Comment Comments (2) | Permalink | Most recent comment: Feb 20, 2010 6:49 PM GMT

Shopped: The Shocking Power of British Supermarkets
Shopped: The Shocking Power of British Supermarkets
by Joanna Blythman
Edition: Paperback

100 of 102 people found the following review helpful
5.0 out of 5 stars IGNORE THIS BOOK AT YOUR PERIL, 12 Jun 2004
Everyone who shops in supermarkets should read this book. You will end up wondering how we sleepwalked into a situation where the control of 80% of the food retail market is in the hands of a tiny group of greedy retailers who now want to move in on the non-food retail market and have total domination of all retail everywhere.
Joanna Blythman carefully dissects the entrails of the world of supermarkets with the sang-froid of a pathologist in a mortuary, from the way staff are induced into the mindless mantras of Asda Wal-Mart to the way suppliers are mercilessly screwed to the wall and dropped from favour on a whim as in some royal court of the past.
The picture portrayed of the abuse of power employed by the supermarkets conjures up a feeling of complete horror, yet it is done in a completely non-hysterical way, allowing the facts speak for themselves. For example, far from creating jobs, every time a large superstore opens, there is a net loss of 276 jobs; two thirds of butchers have gone out of business in the last twenty-five years; during 2001 one small newsagent closed very day and researchers predict that by 2050 there will be no independent food stores left in the UK - what's that supermarkets are always saying about "choice"?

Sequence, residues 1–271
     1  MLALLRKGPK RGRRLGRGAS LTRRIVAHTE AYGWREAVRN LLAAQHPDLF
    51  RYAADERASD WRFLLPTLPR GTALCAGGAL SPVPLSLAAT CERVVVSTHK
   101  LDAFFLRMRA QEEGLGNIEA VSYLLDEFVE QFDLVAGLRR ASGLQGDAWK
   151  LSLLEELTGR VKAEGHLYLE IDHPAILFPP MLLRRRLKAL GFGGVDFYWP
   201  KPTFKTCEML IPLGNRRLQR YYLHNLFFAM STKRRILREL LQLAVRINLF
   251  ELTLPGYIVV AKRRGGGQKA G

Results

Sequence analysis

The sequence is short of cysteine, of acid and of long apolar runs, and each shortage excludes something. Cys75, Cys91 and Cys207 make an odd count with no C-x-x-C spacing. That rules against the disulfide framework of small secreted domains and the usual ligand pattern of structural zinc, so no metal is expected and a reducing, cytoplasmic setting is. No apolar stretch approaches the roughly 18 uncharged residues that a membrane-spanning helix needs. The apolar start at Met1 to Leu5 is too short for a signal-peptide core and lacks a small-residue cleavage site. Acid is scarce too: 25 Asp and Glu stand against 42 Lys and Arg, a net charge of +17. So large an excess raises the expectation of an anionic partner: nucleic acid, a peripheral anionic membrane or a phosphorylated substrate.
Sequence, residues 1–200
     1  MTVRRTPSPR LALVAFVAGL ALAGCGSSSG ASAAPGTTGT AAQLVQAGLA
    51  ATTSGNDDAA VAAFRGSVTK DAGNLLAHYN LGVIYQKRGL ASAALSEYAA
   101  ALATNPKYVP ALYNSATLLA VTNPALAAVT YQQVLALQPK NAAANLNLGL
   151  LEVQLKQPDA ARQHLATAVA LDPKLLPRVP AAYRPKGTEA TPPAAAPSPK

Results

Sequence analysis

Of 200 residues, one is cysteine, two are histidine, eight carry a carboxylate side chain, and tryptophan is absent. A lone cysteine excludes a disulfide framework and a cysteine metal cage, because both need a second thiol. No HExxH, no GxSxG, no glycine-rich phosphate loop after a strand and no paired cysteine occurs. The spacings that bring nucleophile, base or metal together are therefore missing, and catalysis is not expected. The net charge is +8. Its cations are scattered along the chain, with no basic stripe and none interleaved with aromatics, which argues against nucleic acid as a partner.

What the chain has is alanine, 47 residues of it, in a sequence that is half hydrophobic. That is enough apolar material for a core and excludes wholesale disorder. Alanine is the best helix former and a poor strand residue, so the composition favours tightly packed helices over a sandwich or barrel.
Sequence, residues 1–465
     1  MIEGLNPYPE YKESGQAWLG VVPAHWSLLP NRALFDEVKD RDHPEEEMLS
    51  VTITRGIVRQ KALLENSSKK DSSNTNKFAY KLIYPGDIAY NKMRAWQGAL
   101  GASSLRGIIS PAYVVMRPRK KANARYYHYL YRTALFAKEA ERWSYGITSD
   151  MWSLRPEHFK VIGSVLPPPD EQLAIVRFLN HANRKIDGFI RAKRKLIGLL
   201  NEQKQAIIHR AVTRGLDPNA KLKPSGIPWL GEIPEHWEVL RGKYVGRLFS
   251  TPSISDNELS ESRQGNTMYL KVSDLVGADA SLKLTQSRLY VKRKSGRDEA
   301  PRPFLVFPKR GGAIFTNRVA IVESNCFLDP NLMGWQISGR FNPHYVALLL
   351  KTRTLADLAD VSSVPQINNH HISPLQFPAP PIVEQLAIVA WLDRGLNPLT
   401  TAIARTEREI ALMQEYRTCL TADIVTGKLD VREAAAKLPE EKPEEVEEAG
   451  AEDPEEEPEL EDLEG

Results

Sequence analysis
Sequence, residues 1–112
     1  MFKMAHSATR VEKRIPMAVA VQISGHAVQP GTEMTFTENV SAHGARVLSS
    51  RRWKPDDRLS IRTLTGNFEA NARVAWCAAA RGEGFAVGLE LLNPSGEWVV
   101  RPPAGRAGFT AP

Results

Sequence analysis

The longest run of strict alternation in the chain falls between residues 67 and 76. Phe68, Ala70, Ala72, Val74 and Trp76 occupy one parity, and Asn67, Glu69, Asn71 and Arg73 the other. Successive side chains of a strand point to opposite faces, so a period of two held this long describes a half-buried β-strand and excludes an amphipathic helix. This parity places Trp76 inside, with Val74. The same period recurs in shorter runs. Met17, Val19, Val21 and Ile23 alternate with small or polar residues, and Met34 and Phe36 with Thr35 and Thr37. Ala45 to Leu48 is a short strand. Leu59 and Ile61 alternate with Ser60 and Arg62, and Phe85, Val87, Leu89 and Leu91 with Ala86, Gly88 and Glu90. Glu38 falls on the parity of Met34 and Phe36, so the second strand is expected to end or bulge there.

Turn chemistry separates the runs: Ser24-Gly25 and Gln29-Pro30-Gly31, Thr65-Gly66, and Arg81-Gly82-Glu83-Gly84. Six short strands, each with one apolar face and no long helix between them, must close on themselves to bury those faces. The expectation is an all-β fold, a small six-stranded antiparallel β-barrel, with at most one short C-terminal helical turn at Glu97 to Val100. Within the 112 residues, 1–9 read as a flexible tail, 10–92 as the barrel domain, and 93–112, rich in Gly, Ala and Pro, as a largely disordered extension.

Whilst researching her book, the author toured around the UK looking at what she calls "the neutron-bomb effect" superstores have on small businesses and how they have contributed to the decline of communities, where all you see are boarded up shops, charity shops, video rental shops and fast food outlets. This all conjures up a depressing vision of the UK where there seems to be very little political will to try and stop the supermarket juggernaut. However, there are some useful tips at the end of the book on how we as individuals can take action against this unhealthy state of affairs, for example, by using your local shops; by questioning the whole supermarket paradigm; by cutting up your loyalty card; by writing to your MP, to name but a few.
This is an intelligently written, riveting and very readable book which systematically explodes all the myths we have been fed by the supermarket marketing machine. It is not a ranting, political polemic but a strongly-reasoned argument by someone who knows the world of food inside out and who cares passionately that we have allowed this disaster to happen.
If you ever wondered why all ready meals taste the same, why supermarket fruit and veg looks great and tastes of nothing, if you ever wondered about the real cost of "cheap" food then read this book. Get angry. Then DO something about it.